EAST RUTHERFORD, N.J. -- After he had the Giants' first interception of the season at a most critical moment, Julian Love remembered a feeling he had from early in the offseason. He had spent a week around his new defensive coordinator, Wink Martindale, and he went home and told his wife that he loved the environment in the Giants' building, from the trainers to the players to the chefs in the cafeteria.
"I had joy going to work each day," he said. "I had joy leaving work each day. When you build a culture like that, good things are bound to come."
Not always, of course, or at least not always like they have come for the Giants, all of a sudden and almost inexplicably. The Giants are 5-1 after another stunning comeback victory, this time 24-20 over the Baltimore Ravens, and there is joy all around, among the tailgaters who were lined up at 7 a.m., in a roaring stadium on a fall afternoon, in rookie Kayvon Thibodeaux's tears as he left the field, his strip-sack of Lamar Jackson bookending Love’s interception that tipped the game to the Giants late in the fourth quarter.
They are, arguably, the biggest surprise of the NFL season in large part because in recent years, they lost games like this, so many of them, the ones where they got down by double digits early, where their playmakers were shut down for long stretches, where there were mistakes and hurdles and all the things that trip up teams that had a tendency to sag at the first sign of trouble.
Head coach Brian Daboll has talked about toughness and resilience since he arrived in January, and for months that sounded like so much coachspeak, more comfortable to talk about than the roster holes and the rebuild ahead. To be sure, the rebuild is still ongoing -- the Giants routinely deploy players so deep in the roster that reporters have to check their provenance, and on the Ravens' first touchdown today, the Giants had only 10 men on the field, a mistake that Daboll called unacceptable. But a revival is ongoing, too, one that few saw coming quite this quickly, with quite so much of the toughness and resilience Daboll trained them for during the summer.
"I think his approach has been great," Love said. "When we win games, or when we lose games, it stays constant. His mindset, his approach to us, stays really constant. That's an approach I haven't seen in recent years. He knows what has happened in the past here. He's creating a culture where your head is not down all day, you shake it off really quick. He's created a beautiful culture in the building right now."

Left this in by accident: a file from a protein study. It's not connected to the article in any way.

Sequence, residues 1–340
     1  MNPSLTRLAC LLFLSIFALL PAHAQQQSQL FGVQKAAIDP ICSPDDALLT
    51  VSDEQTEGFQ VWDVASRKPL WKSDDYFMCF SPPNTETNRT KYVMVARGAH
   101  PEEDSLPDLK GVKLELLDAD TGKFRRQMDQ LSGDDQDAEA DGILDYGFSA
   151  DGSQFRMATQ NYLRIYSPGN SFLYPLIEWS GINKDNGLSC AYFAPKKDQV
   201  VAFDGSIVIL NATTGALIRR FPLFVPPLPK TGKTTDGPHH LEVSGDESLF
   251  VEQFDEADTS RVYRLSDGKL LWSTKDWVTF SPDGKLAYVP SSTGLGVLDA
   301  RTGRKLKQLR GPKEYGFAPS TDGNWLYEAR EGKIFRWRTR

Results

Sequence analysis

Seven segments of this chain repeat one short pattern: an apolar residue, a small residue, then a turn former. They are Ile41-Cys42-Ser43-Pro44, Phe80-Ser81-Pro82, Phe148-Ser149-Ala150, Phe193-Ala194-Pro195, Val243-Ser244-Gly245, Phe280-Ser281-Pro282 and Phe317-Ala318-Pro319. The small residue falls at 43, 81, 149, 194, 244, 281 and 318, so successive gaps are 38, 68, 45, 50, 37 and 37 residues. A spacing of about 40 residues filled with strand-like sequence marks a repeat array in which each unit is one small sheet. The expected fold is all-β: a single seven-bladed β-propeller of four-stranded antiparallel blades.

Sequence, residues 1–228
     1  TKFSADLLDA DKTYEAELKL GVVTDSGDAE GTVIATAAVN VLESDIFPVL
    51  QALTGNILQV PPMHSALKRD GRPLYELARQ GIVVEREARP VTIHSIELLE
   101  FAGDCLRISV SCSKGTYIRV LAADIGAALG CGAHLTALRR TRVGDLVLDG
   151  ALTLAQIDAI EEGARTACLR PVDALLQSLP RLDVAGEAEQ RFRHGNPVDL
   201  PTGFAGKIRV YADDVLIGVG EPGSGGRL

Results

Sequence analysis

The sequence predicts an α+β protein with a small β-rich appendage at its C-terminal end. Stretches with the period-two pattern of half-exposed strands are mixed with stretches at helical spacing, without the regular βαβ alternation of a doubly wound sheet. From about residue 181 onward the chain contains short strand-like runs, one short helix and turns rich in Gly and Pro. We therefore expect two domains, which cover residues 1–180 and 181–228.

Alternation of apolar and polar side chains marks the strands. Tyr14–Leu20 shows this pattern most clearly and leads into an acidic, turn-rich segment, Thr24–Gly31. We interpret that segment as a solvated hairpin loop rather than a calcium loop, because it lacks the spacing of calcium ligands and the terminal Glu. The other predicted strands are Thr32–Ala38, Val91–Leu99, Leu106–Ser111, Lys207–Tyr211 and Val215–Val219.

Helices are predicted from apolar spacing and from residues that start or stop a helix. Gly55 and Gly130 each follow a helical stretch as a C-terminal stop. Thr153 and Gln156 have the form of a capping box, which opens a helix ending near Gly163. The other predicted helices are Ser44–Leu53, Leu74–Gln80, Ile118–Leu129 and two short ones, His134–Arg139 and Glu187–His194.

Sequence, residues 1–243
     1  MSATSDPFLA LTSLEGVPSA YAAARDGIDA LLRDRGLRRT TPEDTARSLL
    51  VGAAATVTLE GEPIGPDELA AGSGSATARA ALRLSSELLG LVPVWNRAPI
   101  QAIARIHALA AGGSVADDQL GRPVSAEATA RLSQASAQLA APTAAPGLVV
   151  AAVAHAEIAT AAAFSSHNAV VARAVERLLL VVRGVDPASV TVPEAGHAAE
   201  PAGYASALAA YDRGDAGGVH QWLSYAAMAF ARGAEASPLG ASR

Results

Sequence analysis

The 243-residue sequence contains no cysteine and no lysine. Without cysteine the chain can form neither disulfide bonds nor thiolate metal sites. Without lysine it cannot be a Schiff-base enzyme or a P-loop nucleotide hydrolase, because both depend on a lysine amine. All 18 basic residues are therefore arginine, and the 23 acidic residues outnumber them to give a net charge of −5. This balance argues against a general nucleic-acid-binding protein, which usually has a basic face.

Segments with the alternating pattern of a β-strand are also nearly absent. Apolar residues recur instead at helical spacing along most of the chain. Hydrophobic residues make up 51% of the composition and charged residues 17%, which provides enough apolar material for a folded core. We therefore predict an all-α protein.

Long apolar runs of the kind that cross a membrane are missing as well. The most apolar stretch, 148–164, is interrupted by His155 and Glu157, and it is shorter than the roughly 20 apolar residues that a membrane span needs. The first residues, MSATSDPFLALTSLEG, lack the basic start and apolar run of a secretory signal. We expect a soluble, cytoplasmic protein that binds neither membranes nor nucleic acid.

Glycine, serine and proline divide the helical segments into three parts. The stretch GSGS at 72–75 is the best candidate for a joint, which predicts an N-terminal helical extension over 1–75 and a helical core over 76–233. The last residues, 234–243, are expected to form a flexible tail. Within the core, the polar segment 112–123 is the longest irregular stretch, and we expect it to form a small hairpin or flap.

That certainly sounds like an indictment of previous coaching regimes, which nobody around here wants to spend much time thinking about. Suffice it to say that last year, the Giants won four games. Total. This year, through six weeks, they have won five, all by one score, three of them after trailing by double digits. The days of running quarterback sneaks from their own goal line, as they did late last season, seem very much in the past.
"It's something we've preached since day one," Daboll said. "... This league is hard. It's not always going to be perfect. There will be a lot of people down on you, you might be down on yourself. You keep swinging. You keep on competing. Regardless of the score. That's not easy to do. Sitting on the bench bitching and complaining is easy to do. It's hard to stick with it. You've got to flush it pretty quick. ... Each week we get a little bit better. We know we're a long way away."
Beyond the very obvious psychological overhaul of the Giants, there is also a noticeable change in coaching. The comebacks do not happen by chance, but by adjustments, none as dramatic as last week, when the Giants sent quarterback Daniel Jones on the move in the second half. They are mining the depth chart and squeezing the most out of the players available, maybe most obviously on offense, where the wide-receiving corps has been decimated by injury. This week, the Ravens effectively limited the impact of the running game. Saquon Barkley was held to 83 yards. Jones ran for just 6 -- Ravens defensive lineman Calais Campbell had said before the game that Jones' legs were the X-factor in the game -- and threw for 173.
And the Giants leaned on the defense (like they have all season), which forced three field-goal attempts by the Ravens (Justin Tucker rather shockingly missed a 56-yarder when it hit the left upright), the Love interception just as it appeared Jackson would make magic of a broken play and the Thibodeaux strip-sack that sealed the victory. Those big plays offset the 406 yards yielded, including 211 rushing yards. When Daboll repeatedly mentioned all the things the Giants still have to clean up, he was undoubtedly thinking of how Ravens backup running back Kenyan Drake had 119 yards and a touchdown and how the Giants still struggle to cover tight ends, this time to the tune of Mark Andrews having 106 yards and another touchdown.
That is the inexplicable part of the Giants' formula right now, where the statistics don't necessarily line up with the results. That suggests something more has turbocharged this turnaround, a realigning of the franchise that was long overdue and badly needed. It might still have a long way to go, as Daboll insists, and there are enormous personnel decisions looming on the horizon that will shape the future. But the Giants have already come so very far from the darkest days, when there was no joy to be had.
"We're confident in our toughness and competitiveness and finding ways to win," Jones said. "We're not shocked. No, we're not shocked."